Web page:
evidence that supports and the evidence that detracts from
the Commissioner's conclusion.” Rounds v.
Commissioner Social Security Admin., 807 F.3d 996, 1002
(9th Cir. 2015); Attmore v. Colvin, 827 F.3d 872,
875 (9th Cir. 2016) (“[w]e cannot affirm …
“simply by isolating a specific quantum of supporting
the ALJ's responsibility “to determine credibility,
resolve conflicts in the testimony, and resolve ambiguities
in the record.” Brown-Hunter, 806 F.3d at 492
(internal quotation marks omitted). “Where the evidence
is susceptible to more than one rational interpretation, one
of which supports the ALJ's decision, the ALJ's
conclusion must be upheld.” Thomas v.
Barnhart, 278 F.3d 947, 954 (9th Cir. 2002). Thus, in
reviewing the Commissioner's decision, this court does
not substitute its discretion for that of the Commissioner.
See Brown-Hunter, 806 F.3d at 492 (“[f]or
highly fact-intensive individualized determinations like a
claimant's entitlement to disability benefits, Congress
places a premium upon agency expertise, and, for the sake of
uniformity, it is usually better to minimize the opportunity
for reviewing courts to substitute their discretion for that
of the agency”) (internal quotation marks omitted).
court may review “only the reasons provided by the ALJ
in the disability determination and may not affirm the ALJ on
a ground upon which he did not rely.”
Garrison, 759 F.3d at 1010. Finally, the court will
not reverse the Commissioner's decision if it is based on
“harmless error, ” meaning that the error
“is inconsequential to the ultimate nondisability
determination ….” Brown-Hunter, 806
F.3d at 492 (internal quotation marks omitted).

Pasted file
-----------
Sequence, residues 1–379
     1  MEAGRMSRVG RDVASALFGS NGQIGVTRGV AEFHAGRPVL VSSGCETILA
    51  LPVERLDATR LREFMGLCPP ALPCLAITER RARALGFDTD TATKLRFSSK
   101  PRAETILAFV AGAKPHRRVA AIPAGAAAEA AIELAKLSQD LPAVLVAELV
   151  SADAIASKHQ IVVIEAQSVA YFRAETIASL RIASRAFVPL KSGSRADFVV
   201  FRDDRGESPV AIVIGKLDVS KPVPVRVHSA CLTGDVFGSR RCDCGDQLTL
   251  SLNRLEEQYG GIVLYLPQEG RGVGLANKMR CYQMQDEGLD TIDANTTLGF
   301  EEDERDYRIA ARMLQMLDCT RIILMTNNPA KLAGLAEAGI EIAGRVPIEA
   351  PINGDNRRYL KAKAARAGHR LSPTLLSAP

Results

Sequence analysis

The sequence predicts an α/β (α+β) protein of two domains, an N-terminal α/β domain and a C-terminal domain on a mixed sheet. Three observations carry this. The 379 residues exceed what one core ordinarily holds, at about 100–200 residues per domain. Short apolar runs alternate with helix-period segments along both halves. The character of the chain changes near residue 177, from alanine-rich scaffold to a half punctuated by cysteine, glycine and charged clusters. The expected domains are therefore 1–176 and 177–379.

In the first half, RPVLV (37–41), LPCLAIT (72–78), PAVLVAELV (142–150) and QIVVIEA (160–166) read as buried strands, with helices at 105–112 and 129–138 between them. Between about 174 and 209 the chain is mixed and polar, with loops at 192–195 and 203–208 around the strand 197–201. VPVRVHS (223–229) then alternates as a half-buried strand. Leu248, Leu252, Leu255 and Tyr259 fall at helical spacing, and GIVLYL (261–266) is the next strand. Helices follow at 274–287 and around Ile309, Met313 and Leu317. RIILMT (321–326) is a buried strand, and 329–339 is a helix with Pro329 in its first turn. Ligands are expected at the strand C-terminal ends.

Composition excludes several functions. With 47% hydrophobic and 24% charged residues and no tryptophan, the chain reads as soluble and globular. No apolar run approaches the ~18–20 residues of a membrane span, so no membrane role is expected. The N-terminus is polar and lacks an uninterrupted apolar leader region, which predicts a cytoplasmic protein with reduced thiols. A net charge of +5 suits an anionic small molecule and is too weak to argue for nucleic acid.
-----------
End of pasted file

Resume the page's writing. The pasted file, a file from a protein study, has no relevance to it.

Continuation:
Insurance Benefits are available for every eligible
individual who is “disabled.” 42 U.S.C.
§§ 402(d)(1)(B)(ii). Plaintiff is
“disabled” if she is unable “‘to
engage in any substantial gainful activity by reason of any
medically determinable physical or mental impairment which
can be expected to result in death or which has lasted or can
be expected to last for a continuous period of not less than
12 months ….'” Bowen v. Yuckert, 482 U.S.
137, 140 (1987) (quoting 42 U.S.C. §§
Commissioner uses a five-step sequential evaluation process
to determine whether an applicant is disabled and entitled to
benefits. 20 C.F.R. §§ 404.1520(a)(4),
416.920(a)(4); Barnhart v. Thomas, 540 U.S. 20,
24-25 (2003) (setting forth the “five-step sequential
evaluation process to determine disability” under Title
II and Title XVI). The following summarizes the sequential
Step one: Is the claimant engaging in substantial gainful
activity? If so, the claimant is not disabled. If not,
proceed to step two.
20 C.F.R. § 404.1520(a)(4)(i), (b).
Step two: Does the claimant have a “severe”
impairment? If so, proceed to step three. If not, the
claimant is not disabled.
Id. §§ 404.1520(a)(4)(ii), (c).
Step three: Does the claimant's impairment or combination
of impairments meet or equal an impairment listed in 20
C.F.R., Pt. 404, Subpt. P, App. 1? If so, the claimant is
disabled. If not, proceed to step four.
Id. §§ 404.1520(a)(4)(iii), (d).
Step four: Does the claimant's residual functional
capacity make him capable of performing his past work? If so,
the claimant is not disabled. If not, proceed to step five.
Id. §§ 404.1520(a)(4)(iv), (e), (f).
Step five: Does the claimant have the residual functional
capacity perform any other work? If so, the claimant is not